Avalon produces a variety of investment commentaries.
Our perspectives and quarterly commentary are issued throughout the year and cover a range of investment-related topics.
April began with tariffs and trade dominating the headlines. By the end of the month, talk of trade wars was difficult to find as the Korean Peninsula took over the headlines. The economic data was mixed with inflation appearing imminent in some places and blasé in others. GDP growth for the first quarter was strong, and it should continue—notwithstanding political and other distractions.
The U.S. labor market remains strong. For the first two months of the year, goods-producing job creation dramatically outperformed. This reverted in March as construction employment contracted (probably due to the slew of wintry storms). Will this bounce back in April as the weather (presumably) becomes less of an issue? Possibly.
Moving to wages, there was no disappointment, but also nothing to get excited about in the data. Instead, wages continued to bounce around the 2.5% mark.
This has been the trend since late 2015, and there does not appear to be any underlying reasons to believe that wage growth will surge from here. Part of that is due to the waning surge in goods-producing industries. Goods-producing industries have average weekly earnings 28% higher than services providing ones. This "mix shift" in employment creation is another subtle, but no less relevant, caveat to the wage inflation theme.
The CBO Report
The Congressional Budget Office (CBO) released its report on the U.S. economy, including its expectations for growth and (most importantly) the U.S. deficit. The CBO’s report should be taken with a grain of salt, as the report has some laughable assumptions. For example, no recession is apparent over the 10-year horizon. There is also the 4% nominal fed funds rate peak in the fourth quarter of 2020 and the 3% fed funds rate that persists following that time frame. Meanwhile, the 10-year creeps up to a 4.3% peak in the second quarter of 2021. Neither is likely to be realized.
These estimates should generally be ignored, or at a minimum, deeply discounted. But the CBO report is not all laughable. It contains some interesting tidbits of useful information that should not be ignored.
The CBO also makes the point that the deficit is set to balloon. That should come as a surprise to no one. Even with a positive growth feedback of $1T in tax revenues, debt held by the public is expected to reach 100% of GDP by the late 2020s. That is not a positive, and it will crowd out private investment. The U.S. debt will probably make it to 100% of GDP far more quickly, as it only takes a single recession between now and then to push it there.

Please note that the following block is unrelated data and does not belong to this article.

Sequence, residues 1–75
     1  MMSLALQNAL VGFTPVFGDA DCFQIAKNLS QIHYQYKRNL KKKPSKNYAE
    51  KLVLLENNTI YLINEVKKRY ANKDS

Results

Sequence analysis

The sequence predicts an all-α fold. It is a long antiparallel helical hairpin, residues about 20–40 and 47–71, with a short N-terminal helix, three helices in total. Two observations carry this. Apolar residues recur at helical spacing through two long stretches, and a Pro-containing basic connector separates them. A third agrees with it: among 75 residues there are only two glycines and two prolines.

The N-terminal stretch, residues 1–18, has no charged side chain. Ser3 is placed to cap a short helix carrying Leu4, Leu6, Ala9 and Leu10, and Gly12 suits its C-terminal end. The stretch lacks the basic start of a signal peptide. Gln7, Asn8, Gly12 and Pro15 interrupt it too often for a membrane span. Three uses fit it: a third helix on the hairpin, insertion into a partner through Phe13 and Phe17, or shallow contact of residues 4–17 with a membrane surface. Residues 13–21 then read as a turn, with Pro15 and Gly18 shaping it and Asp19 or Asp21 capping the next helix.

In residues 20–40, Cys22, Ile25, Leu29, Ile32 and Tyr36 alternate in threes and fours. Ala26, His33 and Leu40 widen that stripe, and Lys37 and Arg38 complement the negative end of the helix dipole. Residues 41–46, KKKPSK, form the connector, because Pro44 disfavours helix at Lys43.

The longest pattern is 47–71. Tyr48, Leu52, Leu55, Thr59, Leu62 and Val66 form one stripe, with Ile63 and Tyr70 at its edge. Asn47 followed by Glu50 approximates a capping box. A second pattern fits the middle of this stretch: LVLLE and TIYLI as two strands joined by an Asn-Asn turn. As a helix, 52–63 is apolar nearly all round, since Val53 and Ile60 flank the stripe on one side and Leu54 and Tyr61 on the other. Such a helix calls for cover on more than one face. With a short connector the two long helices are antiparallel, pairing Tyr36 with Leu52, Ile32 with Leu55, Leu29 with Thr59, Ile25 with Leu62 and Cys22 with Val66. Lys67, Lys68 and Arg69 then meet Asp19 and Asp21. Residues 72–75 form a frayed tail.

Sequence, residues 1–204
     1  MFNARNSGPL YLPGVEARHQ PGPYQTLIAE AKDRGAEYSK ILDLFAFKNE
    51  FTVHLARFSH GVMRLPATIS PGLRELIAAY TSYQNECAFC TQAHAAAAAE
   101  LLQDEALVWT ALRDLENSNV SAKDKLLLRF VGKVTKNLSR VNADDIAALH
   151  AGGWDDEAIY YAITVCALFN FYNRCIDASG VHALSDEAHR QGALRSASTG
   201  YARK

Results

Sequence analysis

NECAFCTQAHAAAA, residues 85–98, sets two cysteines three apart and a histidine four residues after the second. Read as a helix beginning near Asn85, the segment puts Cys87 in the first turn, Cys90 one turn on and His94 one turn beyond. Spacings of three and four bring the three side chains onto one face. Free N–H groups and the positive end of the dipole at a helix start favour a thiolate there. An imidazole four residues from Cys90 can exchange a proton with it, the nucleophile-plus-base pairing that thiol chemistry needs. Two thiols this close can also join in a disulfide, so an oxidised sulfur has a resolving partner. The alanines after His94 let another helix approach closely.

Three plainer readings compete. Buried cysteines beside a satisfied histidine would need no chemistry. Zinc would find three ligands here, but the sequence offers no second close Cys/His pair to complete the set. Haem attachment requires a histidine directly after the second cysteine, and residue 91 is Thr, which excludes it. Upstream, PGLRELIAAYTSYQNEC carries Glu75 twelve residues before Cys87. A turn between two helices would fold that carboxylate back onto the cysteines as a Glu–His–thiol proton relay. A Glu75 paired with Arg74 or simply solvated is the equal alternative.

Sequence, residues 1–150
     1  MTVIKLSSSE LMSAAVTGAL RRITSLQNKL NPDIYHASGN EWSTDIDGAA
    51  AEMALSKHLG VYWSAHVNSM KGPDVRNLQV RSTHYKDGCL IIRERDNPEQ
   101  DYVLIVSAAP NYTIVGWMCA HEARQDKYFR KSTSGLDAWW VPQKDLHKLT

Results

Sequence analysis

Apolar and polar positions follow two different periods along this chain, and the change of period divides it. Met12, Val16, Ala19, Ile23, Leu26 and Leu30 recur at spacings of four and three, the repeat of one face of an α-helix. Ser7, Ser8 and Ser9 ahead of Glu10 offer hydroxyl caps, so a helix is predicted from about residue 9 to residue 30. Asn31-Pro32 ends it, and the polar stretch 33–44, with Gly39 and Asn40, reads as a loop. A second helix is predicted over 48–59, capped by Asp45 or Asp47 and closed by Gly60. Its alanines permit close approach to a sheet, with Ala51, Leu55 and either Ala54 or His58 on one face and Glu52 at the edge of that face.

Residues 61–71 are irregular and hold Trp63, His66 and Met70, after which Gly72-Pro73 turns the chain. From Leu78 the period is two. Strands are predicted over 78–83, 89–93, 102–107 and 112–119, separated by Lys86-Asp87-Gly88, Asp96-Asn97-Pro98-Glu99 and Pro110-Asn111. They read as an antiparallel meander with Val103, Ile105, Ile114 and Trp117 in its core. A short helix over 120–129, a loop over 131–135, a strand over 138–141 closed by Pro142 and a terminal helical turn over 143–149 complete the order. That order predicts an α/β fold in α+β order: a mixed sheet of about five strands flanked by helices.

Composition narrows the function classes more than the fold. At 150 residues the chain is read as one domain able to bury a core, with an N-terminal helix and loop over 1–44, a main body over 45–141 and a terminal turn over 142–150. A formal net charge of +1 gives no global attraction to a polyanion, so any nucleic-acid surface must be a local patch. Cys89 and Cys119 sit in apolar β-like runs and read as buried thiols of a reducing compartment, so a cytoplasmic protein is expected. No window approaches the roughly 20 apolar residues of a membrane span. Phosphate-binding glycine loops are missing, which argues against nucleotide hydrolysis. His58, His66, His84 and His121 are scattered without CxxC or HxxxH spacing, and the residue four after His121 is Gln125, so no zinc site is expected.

Core inflation and the headline met expectations of 2.1% and 2.4% respectively. But what was surprising was the general weakness outside of the usual suspect, shelter. Granted, core pressures are higher from a year-ago, but the near-term negative pressures may be persistent enough to significantly weigh on inflation outcomes in coming months.
This indicates that inflation readings will be choppy as the data rolls through last year’s weakness, but the underlying pressures are not accelerating. If anything, the underlying data is incrementally weakening.
As for European inflation, on a country level, inflation pressures remain lackluster. France is one of the few countries where core inflation pressures appear to be building, but, again, the inflation pressure has only pushed core CPI to 1% in France, and there are no signs that inflation is about to run rampant. Germany remains at a comfortable 1.3%, and Spain and Italy have both recovered to reasonable levels. Inflation has become one of the more confusing themes to deal with globally.
Source: Bureau of Labor Statistics
Overall, April confirmed suspicions rather than clarifying anything on the economy. The inflation and wage dynamics continue to be murky with little clarity into the sustainability of current trends. U.S. growth remains strong, but the growth rate is decelerating. Europe is doing well and does not appear to be overheating. If anything, European inflation is running too slowly for comfort. While political and trade headlines might have some effect on sentiment, the fundamentals of the U.S. economy are healthy. There is little reason to suspect this dynamic shifts in the medium term.
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